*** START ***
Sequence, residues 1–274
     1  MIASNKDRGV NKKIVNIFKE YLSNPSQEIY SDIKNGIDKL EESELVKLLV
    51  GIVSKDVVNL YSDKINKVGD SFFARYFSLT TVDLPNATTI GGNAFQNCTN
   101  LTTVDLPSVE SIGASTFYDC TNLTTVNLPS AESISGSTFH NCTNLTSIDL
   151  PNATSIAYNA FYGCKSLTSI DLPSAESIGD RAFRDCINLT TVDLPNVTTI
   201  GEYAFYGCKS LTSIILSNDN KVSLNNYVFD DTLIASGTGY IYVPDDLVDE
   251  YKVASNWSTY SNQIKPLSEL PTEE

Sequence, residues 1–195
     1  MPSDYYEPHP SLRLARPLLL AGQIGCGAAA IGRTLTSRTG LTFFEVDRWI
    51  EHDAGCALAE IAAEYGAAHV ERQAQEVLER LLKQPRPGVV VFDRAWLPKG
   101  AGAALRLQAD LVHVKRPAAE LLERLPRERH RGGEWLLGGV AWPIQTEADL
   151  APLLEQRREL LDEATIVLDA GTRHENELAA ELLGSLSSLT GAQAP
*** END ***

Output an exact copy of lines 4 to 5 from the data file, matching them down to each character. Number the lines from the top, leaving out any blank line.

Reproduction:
   101  LTTVDLPSVE SIGASTFYDC TNLTTVNLPS AESISGSTFH NCTNLTSIDL
   151  PNATSIAYNA FYGCKSLTSI DLPSAESIGD RAFRDCINLT TVDLPNVTTI